Al Batt: Be more thankful today than yesterday

Published 6:40 am Tuesday, June 18, 2019

Echoes from the Loafers’ Club Meeting

You dropped your phone.

I know.

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Aren’t you going to pick it up?

I’ve put it on my list of things to do.

Driving by Bruce’s drive

I have a wonderful neighbor named Bruce. Whenever I pass his driveway, thoughts occur to me, such as: I had a dentist’s appointment right after I’d spoken at a luncheon. The dessert had been bread pudding. I know bread pudding. I like bread pudding. I grew up eating bread pudding. My mother made it with stale bread, milk, eggs and butter. We considered it health food. I ate the bread pudding and had no time to brush my teeth. At least I didn’t eat garlic, marshmallows and Cheetos. As the hygienist was about to clean my teeth, I asked her to save any bread pudding she came across so I could eat it later. She might have smiled.

Another day

I try to be more thankful today than I was yesterday. That isn’t much of a challenge for me. A young woman named Kaitlyn was in a class I taught at the College of St. Benedict. She told me that she had a goldfish named Sushi. I’m guessing it was a nervous fish. Fairgoers win fish in plastic bags by finding success in a carnival game. Not all of the fish make it home and those that do are mostly short-lived. I reminded myself that I wasn’t a carnival’s prize fish. I’m thankful for that. I need to do that occasionally to keep my spirits properly buoyed. On my way home to my domicile after spending a grand day with remarkable students, I heard on the radio that 151,600 people die each day — 7,452 in the U.S. Uffda! There were no numbers given for goldfish. Life is good.

The not-so-wide

world of sports

The Midwest can be hard on spring sports. Rain, snow and cold lead to postponements. It’d be a cool night, so I dressed appropriately. A granddaughter played for the New Ulm Eagles who faced defending state softball champion Faribault and a pitcher with a regular season ERA of 0.30. I donned socks, T-shirt, hat and hoodie proclaiming my support of the Eagles. My wife wore three items of clothing displaying the team name and colors. Between us, we wore seven pieces of New Ulm clothing. New Ulm won 7-0. Seven Eagle items and seven runs. That coincidence made for smiles enough to melt a two-story igloo.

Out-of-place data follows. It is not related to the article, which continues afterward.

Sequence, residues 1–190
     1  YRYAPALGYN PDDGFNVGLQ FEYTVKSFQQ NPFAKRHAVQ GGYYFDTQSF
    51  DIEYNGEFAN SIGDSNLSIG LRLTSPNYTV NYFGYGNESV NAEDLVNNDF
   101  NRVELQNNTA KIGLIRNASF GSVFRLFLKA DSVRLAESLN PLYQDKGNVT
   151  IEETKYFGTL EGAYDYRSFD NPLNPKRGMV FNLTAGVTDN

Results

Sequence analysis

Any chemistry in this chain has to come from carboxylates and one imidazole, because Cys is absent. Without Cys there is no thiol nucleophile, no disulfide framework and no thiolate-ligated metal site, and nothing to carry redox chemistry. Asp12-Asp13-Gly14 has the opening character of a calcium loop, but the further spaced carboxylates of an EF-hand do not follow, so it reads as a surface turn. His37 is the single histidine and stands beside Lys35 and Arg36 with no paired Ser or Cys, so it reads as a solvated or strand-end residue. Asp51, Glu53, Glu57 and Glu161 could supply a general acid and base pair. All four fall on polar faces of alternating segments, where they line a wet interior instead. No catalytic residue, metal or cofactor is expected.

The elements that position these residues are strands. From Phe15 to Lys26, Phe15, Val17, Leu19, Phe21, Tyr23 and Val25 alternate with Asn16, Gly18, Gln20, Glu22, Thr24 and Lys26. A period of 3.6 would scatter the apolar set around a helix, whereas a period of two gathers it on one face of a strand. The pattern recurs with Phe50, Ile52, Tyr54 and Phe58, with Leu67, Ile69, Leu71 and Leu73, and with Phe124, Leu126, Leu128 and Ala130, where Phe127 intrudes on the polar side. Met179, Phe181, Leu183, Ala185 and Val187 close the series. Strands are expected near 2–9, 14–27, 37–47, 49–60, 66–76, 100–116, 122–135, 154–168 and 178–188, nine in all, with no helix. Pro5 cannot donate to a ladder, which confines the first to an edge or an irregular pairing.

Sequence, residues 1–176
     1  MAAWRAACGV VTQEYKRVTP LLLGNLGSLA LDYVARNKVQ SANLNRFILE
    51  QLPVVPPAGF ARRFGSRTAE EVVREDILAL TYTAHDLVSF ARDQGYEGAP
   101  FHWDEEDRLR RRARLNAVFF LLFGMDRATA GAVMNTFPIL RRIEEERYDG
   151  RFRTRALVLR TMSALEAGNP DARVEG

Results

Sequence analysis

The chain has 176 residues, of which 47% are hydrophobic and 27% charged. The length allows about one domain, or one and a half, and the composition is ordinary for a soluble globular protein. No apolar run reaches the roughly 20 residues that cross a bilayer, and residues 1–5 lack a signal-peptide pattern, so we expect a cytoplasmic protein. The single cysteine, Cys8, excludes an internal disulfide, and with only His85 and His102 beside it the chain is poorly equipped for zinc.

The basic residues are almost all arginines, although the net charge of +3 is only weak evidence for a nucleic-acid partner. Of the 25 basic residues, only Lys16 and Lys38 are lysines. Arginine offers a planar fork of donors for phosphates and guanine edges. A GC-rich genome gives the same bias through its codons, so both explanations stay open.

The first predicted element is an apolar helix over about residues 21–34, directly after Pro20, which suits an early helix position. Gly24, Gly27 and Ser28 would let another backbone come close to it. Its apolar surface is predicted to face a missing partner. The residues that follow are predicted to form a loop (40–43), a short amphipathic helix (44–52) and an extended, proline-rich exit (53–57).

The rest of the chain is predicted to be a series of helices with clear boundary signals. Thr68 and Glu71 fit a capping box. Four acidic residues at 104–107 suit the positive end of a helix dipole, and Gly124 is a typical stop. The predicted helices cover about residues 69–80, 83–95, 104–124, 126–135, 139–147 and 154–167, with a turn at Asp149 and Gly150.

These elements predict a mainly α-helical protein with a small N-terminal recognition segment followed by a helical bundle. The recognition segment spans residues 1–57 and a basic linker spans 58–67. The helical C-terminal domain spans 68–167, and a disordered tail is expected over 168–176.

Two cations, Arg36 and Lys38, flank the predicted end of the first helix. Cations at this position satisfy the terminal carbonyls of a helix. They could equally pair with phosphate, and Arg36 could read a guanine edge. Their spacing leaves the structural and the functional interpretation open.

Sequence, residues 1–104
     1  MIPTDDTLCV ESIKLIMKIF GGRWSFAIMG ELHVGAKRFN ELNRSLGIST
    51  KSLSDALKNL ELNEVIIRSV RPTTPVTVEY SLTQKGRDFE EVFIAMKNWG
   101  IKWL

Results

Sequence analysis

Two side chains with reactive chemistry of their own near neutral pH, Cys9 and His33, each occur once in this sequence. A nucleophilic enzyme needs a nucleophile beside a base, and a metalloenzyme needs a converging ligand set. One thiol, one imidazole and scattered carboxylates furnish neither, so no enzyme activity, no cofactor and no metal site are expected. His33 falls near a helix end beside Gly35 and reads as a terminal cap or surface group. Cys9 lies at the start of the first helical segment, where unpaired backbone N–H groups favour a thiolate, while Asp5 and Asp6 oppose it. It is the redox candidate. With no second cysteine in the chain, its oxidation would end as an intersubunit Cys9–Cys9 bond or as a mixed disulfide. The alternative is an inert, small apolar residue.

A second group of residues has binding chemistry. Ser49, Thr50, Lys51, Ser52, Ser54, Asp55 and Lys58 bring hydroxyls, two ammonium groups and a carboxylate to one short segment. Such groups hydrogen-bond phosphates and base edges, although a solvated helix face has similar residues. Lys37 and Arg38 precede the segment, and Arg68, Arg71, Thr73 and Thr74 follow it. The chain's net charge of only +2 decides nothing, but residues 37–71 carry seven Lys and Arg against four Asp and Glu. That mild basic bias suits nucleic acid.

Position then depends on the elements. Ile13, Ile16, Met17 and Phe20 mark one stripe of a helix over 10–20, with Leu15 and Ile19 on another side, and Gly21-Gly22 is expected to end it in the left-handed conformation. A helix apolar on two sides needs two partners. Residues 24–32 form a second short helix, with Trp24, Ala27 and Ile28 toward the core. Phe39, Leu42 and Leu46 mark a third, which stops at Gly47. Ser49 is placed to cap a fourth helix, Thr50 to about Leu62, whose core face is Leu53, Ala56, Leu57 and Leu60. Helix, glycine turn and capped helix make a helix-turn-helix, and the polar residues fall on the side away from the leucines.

Nature notes

I was out there with my peeps. The yard was whistling — peewee, oriole, chickadee and cardinal. Tyrannus tyrannus, the eastern kingbird, is royalty. Henry David Thoreau wrote, “I see at a distance a kingbird or blackbird pursuing a crow lower down a hill, like a satellite revolving around a black planet.” Known for its pugnacious attitude and fearless defense of territory, some Native Americans called the kingbird “little chief.” A great crested flycatcher burped and called me a creep. That’s what the bird’s call sounds like to me.

The emerald ash borer is coming. It seemed odd that I’d think of that as I pulled endless ash seedlings from the yard. The borer is a killer of green, white, black, blue, pumpkin, Marshall seedless, Autumn Purple and Summit ash trees. Mountain ash isn’t related to those trees and the insect doesn’t attack it.

Dame’s rocket bloomed in profusion and is confused for a native phlox. Phlox has five-petaled flowers and dame’s rocket has four. I discovered a red squirrel’s midden, an endless accumulation of cones that the squirrel uses for food. The animal scolded me severely for having the gall to look upon its treasure pile.

As I walked beside a lake, I found the ground feathered with cedar waxwings feeding on midges. The midges hummed in flight, making a frightening mosquito-like sound. Had they been mosquitoes, I’d have been a goner. The male midges have feathery antennae. During Game 2 of the 2007 American League Division Series, the Cleveland Indians played the New York Yankees. Midges took the mound to bug Joba Chamberlin, the Yankee pitcher. By the time the Indians took the field, the midges were gone. The Tribe had been trailing before the midges invaded. Cleveland won that game and the series.

I heard the call of a wood thrush. It sang a flutelike “Frit-O-Lay.” It was thrilling to hear and reminded me why I’d fallen in love with birds.

Meeting adjourned

“I’m sometimes asked ‘Why do you spend so much of your time and money talking about kindness to animals when there is so much cruelty to men?’ I answer: ‘I am working at the roots.’”

— George T. Angell